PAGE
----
Instead of generating electricity to turn a motor, sunlight can be concentrated on the heat exchanger of a Stirling engine and used to drive a pump mechanically. This dispenses with the cost of solar panels and electric equipment. In some cases, the Stirling engine may be suitable for local fabrication, eliminating the difficulty of importing equipment. One form of Stirling engine is the fluidyne engine, which operates directly on the pumped fluid as a piston. Fluidyne solar pumps have been studied since 1987.[12] At least one manufacturer has conducted tests with a Stirling solar-powered pump.[13]

See also[edit]


  1. ^ Note that the pumpshaft has been removed from the windpump and it is no longer connected to the borehole; instead, the borehole now contains an electric pump powered by the solar panels.


  1. ^ a b McDermott, James E. Horne; Maura (2001). The next green revolution : essential steps to a healthy, sustainable agriculture. New York [u.a.]: Food Products Press. p. 226. ISBN 1560228865.{{cite book}}: CS1 maint: multiple names: authors list (link)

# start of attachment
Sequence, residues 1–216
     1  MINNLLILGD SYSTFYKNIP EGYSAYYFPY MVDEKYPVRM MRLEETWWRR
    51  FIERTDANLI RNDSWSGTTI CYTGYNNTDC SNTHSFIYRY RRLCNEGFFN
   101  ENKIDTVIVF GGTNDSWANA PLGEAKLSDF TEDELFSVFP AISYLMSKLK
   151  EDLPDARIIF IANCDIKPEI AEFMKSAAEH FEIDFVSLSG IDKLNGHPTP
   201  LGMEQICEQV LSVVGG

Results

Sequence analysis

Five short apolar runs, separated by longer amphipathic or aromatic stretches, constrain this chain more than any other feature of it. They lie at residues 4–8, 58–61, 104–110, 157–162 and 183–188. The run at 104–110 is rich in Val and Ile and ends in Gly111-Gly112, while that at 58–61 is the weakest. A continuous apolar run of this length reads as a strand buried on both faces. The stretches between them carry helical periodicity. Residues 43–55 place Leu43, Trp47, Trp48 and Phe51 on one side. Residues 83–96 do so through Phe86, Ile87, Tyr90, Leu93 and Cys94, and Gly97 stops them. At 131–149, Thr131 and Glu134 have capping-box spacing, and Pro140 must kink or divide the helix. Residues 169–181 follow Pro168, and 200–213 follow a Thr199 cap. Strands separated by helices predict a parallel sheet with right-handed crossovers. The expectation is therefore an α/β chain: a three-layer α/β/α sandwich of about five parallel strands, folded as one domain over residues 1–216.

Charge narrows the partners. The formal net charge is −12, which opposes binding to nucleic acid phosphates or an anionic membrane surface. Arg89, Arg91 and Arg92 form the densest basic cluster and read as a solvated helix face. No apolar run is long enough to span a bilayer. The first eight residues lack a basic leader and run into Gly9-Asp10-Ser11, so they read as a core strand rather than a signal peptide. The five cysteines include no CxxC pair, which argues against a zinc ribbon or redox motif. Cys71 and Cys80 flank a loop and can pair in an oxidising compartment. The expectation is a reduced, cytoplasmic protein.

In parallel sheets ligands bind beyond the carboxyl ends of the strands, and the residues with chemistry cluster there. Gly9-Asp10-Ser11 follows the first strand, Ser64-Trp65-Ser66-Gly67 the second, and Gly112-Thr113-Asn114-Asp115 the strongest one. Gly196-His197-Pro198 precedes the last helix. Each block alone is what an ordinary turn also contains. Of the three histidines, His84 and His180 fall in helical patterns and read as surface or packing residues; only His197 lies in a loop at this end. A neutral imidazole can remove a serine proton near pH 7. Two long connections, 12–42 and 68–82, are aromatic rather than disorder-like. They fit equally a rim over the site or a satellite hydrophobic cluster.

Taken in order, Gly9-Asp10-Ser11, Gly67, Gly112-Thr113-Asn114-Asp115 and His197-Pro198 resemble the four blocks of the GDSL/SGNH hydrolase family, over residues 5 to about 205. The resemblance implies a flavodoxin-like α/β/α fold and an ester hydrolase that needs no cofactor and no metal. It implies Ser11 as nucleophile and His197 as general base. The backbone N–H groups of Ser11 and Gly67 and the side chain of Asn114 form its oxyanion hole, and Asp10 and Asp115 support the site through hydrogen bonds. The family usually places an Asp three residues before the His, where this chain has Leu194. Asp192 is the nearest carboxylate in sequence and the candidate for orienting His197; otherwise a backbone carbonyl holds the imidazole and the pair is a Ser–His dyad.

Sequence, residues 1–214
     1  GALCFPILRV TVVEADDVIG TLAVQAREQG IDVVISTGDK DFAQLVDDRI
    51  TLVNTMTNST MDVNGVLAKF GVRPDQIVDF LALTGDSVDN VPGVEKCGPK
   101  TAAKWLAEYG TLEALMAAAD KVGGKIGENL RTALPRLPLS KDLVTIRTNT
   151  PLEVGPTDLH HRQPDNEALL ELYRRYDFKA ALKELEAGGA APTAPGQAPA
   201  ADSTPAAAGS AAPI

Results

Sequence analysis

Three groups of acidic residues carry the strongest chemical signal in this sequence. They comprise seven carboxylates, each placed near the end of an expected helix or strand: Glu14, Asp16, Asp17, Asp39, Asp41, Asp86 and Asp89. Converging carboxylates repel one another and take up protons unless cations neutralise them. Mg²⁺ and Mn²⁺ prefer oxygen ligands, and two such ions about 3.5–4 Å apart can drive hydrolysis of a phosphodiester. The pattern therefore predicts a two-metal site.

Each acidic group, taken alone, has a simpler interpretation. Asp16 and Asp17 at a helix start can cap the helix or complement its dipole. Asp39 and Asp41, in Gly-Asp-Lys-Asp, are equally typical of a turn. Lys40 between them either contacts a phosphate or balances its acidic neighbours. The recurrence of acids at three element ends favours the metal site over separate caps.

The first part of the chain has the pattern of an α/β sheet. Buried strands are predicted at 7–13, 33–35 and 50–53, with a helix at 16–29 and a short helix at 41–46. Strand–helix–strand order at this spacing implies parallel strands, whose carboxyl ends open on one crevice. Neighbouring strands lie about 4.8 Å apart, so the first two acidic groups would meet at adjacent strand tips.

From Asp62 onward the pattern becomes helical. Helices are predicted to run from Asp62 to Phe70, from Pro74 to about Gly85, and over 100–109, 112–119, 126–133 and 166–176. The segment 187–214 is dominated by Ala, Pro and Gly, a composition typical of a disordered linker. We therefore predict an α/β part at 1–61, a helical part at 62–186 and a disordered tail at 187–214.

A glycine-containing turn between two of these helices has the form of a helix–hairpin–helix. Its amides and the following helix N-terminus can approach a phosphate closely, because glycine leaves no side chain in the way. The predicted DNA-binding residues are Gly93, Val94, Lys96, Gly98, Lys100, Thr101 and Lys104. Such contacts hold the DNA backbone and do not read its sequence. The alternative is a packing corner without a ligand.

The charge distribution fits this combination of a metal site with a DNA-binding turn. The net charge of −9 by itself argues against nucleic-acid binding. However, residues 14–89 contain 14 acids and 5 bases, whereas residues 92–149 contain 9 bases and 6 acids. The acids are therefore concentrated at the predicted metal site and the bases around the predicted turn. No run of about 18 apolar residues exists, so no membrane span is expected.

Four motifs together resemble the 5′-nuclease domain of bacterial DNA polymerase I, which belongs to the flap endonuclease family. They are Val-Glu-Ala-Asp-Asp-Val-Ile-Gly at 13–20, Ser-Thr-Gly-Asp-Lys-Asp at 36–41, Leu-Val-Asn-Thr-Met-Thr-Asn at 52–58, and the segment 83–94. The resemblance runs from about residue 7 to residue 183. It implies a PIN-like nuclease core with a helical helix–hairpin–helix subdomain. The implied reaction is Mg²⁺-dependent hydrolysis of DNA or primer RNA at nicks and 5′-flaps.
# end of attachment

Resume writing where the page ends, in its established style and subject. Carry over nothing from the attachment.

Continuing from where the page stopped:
2. ^ Romain (10 February 2021). "Solar Water Pumping (All you need to know)". Get Solar Savvy. Retrieved 10 February 2021.
  3. ^ Simalenga, Mark Hankins ; illustrations by Francis Njeru & Michael Glen-Williamson ; layout by Michael Okendo ; edited by Timothy (1995). Solar electric systems for Africa : a guide for planning and installing solar electric systems in rural Africa (Rev. ed.). London: Commonwealth Science Council. p. 117. ISBN 0850924537. {{cite book}}: |first= has generic name (help)CS1 maint: multiple names: authors list (link)
  4. ^ India's Solar Power GREENING INDIA'S FUTURE ENERGY DEMAND Archived 19 June 2008 at the Wayback Machine
  5. ^ "Solar water pumps | ClimateTechWiki". Retrieved 4 May 2019.
  6. ^ "Solar Water Pumping for Sustainable Water Supply". World Bank. Retrieved 4 May 2019.
  7. ^ "Solar Water Pumping for Sustainable Water Supply".
  8. ^[bare URL PDF]
  9. ^[bare URL PDF]
  10. ^ Solar Water Pumping Course Transcript. Strathmore Energy Research Center.
  11. ^ Wethe, David (29 November 2012). "For Fracking, It's Getting Easier Being Green". Bloomberg Businessweek. Archived from the original on 3 December 2012. Retrieved 12 December 2012.
  12. ^ C. D. West Stirling Engines and Irrigation Pumping, Oak Ridge National Laboratory, ORNL/TM-10475, August 1987
  13. ^ retrieved 2013 April 9